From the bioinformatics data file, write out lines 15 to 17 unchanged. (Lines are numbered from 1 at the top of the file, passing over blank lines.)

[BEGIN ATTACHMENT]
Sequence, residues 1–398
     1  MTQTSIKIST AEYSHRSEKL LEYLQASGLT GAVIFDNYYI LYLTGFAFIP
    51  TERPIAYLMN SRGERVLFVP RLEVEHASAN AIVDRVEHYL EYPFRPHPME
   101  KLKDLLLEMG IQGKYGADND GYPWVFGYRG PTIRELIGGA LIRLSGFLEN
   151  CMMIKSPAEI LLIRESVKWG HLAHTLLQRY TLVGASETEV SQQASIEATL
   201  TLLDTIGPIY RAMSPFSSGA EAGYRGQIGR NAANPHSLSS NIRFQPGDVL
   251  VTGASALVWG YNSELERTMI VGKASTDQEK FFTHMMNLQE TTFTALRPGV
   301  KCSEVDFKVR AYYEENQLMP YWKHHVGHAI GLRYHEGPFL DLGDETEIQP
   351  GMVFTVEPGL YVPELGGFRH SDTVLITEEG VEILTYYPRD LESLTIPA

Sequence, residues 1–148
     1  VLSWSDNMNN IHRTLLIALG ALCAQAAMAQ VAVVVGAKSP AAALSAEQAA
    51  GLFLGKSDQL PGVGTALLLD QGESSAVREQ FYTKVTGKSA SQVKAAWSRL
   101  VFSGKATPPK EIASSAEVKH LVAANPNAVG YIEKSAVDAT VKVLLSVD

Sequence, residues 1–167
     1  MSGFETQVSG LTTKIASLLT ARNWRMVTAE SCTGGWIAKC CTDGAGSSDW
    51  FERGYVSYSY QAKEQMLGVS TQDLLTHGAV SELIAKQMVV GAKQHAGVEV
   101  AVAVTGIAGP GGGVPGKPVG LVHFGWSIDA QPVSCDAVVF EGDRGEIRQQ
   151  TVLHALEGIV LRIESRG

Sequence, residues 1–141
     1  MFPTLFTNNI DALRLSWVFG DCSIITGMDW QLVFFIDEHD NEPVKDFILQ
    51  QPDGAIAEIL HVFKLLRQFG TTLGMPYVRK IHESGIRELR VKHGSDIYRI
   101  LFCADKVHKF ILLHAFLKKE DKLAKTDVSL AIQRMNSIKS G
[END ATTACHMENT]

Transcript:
     1  MSGFETQVSG LTTKIASLLT ARNWRMVTAE SCTGGWIAKC CTDGAGSSDW
    51  FERGYVSYSY QAKEQMLGVS TQDLLTHGAV SELIAKQMVV GAKQHAGVEV
   101  AVAVTGIAGP GGGVPGKPVG LVHFGWSIDA QPVSCDAVVF EGDRGEIRQQ